A week or so ago my husband’s niece gave birth to a son in Arizona. Such a joyful event reminds us that new lives keep coming in – into a world shut down or in suspended animation. While most everyone on the globe is experiencing losses, fearing the future, and cautiously attempting to resume some semblance of what was “normal life,” life itself goes on.   

As the Fed Chairman, Jerome Powell said a few weeks ago, “None of us has the luxury of choosing our challenges, fate and history provide them for us. What was happening in the larger world when you were born? When your parents and grandparents were born, or when your children were born? The answer to that question sets the stage for many of the experiences people of a particular generation had or will have in the future. Timing and “the times” really matter. When my father was about to graduate from college, the country was not completely out of the depression. The job market for engineers was not good so he took theater classes to get better at selling himself as a sales engineer, which became his career path. When I graduated from high school most young women who went to college entered the fields of nursing, education, or social work, partly because they were the so called, “women’s fields,” and unlike most other fields at the time, open to women applicants.   

Timing and the times are affecting graduating high school and college students now, challenging them to let go of the anticipated usual activities of this season of their lives –proms and parties, graduation ceremonies, summer internships and summer jobs. School age children and their families are being challenged to accept the disappointment of cancelled summer camps and family vacations. And people of all generations are scanning a foggy grey horizon filled with uncertainty about the possible paths ahead.    

Thirty years ago, when I was denied tenure at the university, after a six-year journey to that end, my husband and I employed two friends to lead us in a day-long exploratory reimaging of our career lives. Now that my first choice had been eliminated, partly by the times, (there were already 5 tenured women on this 36-person faculty. Someone on the committee may have thought that to be more than enough women).

From this experience came a business plan for what became a premier behavioral health care clinic. For the first 5 years of operation, our dream creation flourished, fulfilling us, our employees, our student interns, and our clients. Then, on one specific New Year’s Dayfunding and reimbursement for behavioral health care services changed at the national and local level. Though we continued to operate for 5 more years until an offer to purchase provided rescue, our dream of operating our own business turned into a nightmare. My social work student, returning from her Christmas vacation, felt the effects immediately. “How did this field placement from heaven turn so quickly into the field placement from hell,” she asked. I gave her an “A” for her astute observation.        

So what do we do with these challenges that fate and history thrust upon us? Consulting with elders we are reminded that “this too will pass.” Ancient systems such as astrology and numerology offer road maps to understanding the strengths and challenges facing a particular person born in a particular time and place. It helps to recognize that we often don’t get to choose what happens to us, only our reaction to it.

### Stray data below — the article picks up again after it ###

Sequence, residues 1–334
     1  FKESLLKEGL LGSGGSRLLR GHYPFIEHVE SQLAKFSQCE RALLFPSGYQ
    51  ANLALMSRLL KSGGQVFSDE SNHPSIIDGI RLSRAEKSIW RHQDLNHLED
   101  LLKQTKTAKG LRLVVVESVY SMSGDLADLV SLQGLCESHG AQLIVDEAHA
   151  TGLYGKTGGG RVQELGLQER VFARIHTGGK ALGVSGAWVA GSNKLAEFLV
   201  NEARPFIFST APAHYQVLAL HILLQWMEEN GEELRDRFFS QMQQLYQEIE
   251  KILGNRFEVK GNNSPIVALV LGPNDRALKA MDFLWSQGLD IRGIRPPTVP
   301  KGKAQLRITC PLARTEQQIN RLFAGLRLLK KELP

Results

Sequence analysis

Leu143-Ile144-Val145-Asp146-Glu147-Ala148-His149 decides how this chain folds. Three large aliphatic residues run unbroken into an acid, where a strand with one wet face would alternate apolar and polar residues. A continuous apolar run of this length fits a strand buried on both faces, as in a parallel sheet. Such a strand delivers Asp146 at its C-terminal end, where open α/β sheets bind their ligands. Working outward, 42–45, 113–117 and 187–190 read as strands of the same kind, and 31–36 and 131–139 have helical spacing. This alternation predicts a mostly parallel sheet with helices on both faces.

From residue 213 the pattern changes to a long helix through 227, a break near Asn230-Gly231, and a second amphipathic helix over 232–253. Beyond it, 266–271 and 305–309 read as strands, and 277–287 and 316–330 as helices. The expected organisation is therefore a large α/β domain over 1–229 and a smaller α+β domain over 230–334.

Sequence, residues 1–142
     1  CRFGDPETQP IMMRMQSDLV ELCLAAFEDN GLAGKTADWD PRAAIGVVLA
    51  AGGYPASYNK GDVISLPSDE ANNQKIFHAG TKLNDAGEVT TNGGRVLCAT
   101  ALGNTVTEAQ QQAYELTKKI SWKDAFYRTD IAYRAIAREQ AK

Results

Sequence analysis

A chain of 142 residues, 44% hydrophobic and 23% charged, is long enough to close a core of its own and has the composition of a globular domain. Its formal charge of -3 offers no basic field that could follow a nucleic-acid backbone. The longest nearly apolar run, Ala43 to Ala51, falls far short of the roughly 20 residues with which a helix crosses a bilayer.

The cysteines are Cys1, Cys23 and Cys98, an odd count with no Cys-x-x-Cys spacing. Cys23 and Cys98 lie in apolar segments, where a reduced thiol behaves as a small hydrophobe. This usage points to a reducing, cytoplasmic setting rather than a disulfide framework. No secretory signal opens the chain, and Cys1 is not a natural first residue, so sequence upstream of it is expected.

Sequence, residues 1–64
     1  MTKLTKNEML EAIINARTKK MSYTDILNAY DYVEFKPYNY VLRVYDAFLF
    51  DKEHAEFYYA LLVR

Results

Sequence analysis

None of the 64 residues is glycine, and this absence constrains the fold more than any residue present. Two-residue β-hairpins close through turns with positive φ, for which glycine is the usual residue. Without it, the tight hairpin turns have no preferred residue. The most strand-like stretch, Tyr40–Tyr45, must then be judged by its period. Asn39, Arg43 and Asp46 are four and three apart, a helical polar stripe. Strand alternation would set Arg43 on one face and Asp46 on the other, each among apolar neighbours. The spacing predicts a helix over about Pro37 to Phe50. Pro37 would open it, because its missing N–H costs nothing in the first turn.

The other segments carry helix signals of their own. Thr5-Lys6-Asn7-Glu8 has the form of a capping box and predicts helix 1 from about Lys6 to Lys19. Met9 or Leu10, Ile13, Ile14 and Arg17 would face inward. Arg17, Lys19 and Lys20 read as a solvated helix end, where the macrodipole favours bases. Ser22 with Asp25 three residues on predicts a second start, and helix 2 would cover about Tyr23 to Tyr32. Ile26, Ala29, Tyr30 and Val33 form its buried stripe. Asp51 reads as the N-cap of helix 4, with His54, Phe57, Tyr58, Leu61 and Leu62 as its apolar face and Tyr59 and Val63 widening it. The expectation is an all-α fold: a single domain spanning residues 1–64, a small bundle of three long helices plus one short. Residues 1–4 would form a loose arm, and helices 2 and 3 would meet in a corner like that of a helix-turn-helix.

Here are a few tips from my Tough into Triumph Manifesto:

Since we desire to achieve positive outcomes in the face of adversity and navigate our challenges in such a way as to become stronger from having met them – we pledge to cultivate and practice: 

–      Saying Yes to what cannot be avoided, refusing to accept a predicted undesirable outcome unless we have to:

–      While navigating difficult challenges we exercise self-compassion and radical self-care;

–      Focusing on each present moment we avoid jumping too far ahead;

–      Honoring all our feelings we express them in a safe place, allowing them to change us;

–      Remembering that post-traumatic growth is the natural outcome of letting go of our own plans – we surrender to whatever life is asking of us.

If you’d like a printable poster of all the items go to my website and download a copy https://sheilakcollins.com/

Offerings and Events:

InterPlay On-Line – Friday mornings at 10:30 am


ReImagine Life, Love & Loss Festival

Sunday, May 24th 4pm EST/3pm CST/2pm MST/1pm PST
Join us for an hour of playful body wisdom, exformation, and radical self-care tools & techniques taught by two dancing social workers. Learn the five skills of Self-Care – with a deeper dive into one each week through June 14th, 2020.See all of the ReImagine Events & Register here:https://letsreimagine.org/3780/radical-self-care-during-a-pandemic-interplay-1

Radical Self-Care While Physical Distancing

Tuesday, May 26th 11:30am EST/10:30am CST/9:30am MST/8:30am PST
Join two dancing social workers and authors Christine & Sheila for their weekly class for radical self-care and a chance to play with tools and techniques for resilience & well-being.Register here:https://us02web.zoom.us/meeting/register/tZArf-yrqTspGNxgj6P8pBTRqZ5UTaUGvcMU

The Art of Grieving: Toward a Life Well-Lived

May 28th at 4 pm Eastern. Love to have you join us.

Here’s the link to register 

Looking for a personal consultation as you navigate this liminal time?
Call me at 817-706-4967 or drop me a line at [email protected]